The UN’s Sustainable Development Goals (SDGs)
In 2015, the United Nations (UN) established a set of 17 Sustainable Development Goals (SDGs), also known as Global Goals. These goals represent a call to action for nations around the world to end poverty, protect the environment and foster peace and prosperity for the future.
The 17th SDG outlined by the UN is Sustainable Cities and Communities. Sustainable cities cannot exist without transforming how the world builds and manages some of the largest cities with the highest populations, according to the UN.
For each SDG, the UN includes a number of smaller milestones that will contribute to reaching the overall goal of building sustainable cities and communities. Some examples of these milestones, which the UN wants to achieve by 2030, include:
- Access to safe and affordable housing and basic services, and upgrading slums
- Access to affordable, accessible and sustainable transport systems
- Improving road safety by strengthening public transport, and meeting the needs of vulnerable populations (women, children, persons with disabilities and older persons)
- Enhance inclusive and sustainable urbanization, capacity for participatory, integrated and sustainable human settlement planning and management in all countries
- Protect the cultural and natural heritage
As several different entities and professionals come together to work toward these goals, they will likely face their fair share of challenges.
Today, cities worldwide already grapple with a plethora of obstacles. For example, some cities deal with housing crises, lack of clean water and smog. They will need to spend extra time anticipating future ones and forming potential solutions to avoid them.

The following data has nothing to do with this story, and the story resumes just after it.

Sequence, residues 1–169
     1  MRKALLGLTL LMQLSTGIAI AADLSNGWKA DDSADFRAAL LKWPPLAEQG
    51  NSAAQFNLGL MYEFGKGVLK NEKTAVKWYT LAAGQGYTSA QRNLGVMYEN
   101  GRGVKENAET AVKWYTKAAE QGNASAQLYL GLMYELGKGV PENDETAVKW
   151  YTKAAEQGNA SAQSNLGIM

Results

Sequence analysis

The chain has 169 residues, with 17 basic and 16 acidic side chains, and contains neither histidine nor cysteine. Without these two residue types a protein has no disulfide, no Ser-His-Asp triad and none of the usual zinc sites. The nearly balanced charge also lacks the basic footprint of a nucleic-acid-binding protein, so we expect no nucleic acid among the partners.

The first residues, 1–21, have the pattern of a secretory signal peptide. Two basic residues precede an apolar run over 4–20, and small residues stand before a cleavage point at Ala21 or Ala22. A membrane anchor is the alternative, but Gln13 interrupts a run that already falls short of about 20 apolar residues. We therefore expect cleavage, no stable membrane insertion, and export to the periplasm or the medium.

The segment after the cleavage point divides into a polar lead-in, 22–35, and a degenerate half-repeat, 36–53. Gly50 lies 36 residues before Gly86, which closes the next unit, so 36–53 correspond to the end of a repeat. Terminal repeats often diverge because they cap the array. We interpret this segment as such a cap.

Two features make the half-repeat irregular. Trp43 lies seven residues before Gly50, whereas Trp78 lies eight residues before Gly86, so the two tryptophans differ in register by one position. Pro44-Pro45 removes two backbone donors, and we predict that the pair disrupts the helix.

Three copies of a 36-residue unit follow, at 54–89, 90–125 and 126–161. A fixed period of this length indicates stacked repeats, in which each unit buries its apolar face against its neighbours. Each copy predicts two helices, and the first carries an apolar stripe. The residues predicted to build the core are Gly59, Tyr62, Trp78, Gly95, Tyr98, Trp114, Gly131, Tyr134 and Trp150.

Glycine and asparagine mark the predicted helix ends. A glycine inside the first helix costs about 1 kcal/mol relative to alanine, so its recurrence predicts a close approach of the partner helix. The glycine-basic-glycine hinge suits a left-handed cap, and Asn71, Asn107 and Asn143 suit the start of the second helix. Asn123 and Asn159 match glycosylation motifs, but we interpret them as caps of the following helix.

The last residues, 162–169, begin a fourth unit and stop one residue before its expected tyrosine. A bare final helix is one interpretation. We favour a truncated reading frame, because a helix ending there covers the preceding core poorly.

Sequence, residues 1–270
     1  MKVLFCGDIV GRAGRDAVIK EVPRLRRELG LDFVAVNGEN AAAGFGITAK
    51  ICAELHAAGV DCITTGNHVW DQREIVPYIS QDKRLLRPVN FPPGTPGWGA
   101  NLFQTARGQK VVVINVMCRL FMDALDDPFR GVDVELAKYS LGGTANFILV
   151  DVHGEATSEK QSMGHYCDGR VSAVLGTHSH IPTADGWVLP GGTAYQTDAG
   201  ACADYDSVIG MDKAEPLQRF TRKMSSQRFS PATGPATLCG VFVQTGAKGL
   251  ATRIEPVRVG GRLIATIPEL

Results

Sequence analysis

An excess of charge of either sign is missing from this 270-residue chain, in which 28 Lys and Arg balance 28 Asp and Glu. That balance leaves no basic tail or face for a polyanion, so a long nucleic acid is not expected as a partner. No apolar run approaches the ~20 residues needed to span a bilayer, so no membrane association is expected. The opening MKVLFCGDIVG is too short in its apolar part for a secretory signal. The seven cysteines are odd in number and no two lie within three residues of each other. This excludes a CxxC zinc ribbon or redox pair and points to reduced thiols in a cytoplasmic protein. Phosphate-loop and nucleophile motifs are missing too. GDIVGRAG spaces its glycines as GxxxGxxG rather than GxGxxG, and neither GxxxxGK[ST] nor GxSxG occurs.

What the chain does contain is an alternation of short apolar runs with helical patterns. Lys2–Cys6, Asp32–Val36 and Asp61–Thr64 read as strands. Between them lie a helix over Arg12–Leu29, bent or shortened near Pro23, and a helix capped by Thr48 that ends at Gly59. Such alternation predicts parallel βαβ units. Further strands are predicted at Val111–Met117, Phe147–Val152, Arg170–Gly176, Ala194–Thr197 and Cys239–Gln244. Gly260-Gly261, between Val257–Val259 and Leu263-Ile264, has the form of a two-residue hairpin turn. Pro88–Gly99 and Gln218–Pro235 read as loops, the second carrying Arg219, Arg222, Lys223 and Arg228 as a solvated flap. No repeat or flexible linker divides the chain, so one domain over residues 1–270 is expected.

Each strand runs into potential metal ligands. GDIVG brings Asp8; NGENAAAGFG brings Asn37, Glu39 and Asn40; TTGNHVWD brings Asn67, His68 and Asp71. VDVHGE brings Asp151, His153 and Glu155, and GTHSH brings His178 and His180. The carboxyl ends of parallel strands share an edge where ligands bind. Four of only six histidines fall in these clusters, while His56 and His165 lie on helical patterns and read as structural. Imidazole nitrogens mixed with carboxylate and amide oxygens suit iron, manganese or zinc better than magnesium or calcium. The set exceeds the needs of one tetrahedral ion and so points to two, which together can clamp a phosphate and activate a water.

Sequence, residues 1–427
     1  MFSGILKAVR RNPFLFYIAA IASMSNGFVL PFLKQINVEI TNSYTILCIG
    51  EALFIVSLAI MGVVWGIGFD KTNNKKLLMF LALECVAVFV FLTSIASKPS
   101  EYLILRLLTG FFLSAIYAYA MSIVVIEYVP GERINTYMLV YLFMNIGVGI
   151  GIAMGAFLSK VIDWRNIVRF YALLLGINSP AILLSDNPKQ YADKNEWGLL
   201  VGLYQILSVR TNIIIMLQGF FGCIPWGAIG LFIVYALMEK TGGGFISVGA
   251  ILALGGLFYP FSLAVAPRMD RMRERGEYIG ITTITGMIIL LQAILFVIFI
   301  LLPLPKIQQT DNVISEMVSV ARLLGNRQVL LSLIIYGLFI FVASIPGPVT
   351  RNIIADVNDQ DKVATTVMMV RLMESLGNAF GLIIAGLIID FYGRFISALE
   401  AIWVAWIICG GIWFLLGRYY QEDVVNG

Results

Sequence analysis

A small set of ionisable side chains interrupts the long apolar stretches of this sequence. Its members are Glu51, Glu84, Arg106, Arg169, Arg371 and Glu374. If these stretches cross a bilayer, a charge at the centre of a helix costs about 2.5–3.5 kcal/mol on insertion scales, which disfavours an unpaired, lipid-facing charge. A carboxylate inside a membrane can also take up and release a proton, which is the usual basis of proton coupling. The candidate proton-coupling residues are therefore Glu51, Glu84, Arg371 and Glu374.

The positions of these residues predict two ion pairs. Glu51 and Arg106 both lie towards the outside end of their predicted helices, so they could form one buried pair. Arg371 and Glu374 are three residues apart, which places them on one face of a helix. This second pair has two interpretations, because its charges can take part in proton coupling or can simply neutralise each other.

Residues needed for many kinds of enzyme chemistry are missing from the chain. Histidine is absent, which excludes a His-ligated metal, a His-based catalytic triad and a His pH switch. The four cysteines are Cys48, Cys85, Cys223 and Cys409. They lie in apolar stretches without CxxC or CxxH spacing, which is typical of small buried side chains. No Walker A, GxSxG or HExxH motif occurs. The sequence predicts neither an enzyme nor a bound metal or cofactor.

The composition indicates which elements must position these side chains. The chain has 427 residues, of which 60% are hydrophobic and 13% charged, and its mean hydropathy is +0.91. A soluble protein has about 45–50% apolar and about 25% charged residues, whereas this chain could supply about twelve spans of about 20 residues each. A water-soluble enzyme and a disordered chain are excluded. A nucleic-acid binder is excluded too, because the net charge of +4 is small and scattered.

The Role of Technology in Sustainable, Smart City Development
New technologies will play a significant role in environmental urban planning in the future. For example, the Internet of Things (IoT), artificial intelligence (AI), machine learning (ML), 5G, renewable energy sources and more will support virtually every aspect of environmental urban planning. Cities with these technologies are already reporting several benefits for the region and its citizens.
It’s worth noting that one direct result of environmental urban planning is the emergence of smart cities. A smart city, as its name suggests, leverages “smart” technologies, such as those listed above, for specific purposes. For example, renewable energy sources, like solar, create green buildings and AI can be used to improve city traffic management.
Some primary goals of smart cities include improving the quality of life and living standards for citizens, achieving environmental sustainability, supporting local businesses and providing new job opportunities.
Finding Sustainable Solutions for Urban Planning and Development
It’s clear that a massive amount of work, time, money and effort goes into traditional city planning. However, nations around the world will likely prioritize sustainable development, meaning the role of the city planner will shift.
City planners, construction firms, politicians, public services employees and other personnel must collaborate to ensure successful results. In other words, “it takes a village,” to build a sustainable city.
It’ll be interesting to see how environmental urban planning impacts city operations and contributes to the smart city trend. The ultimate goal is to cultivate a sustainable, reliable urban region for future generations.
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About the author
Steve is the Managing Editor of Environment.co and regularly contributes articles related to wildlife, biodiversity, and recycling. His passions include wildlife photography and bird watching.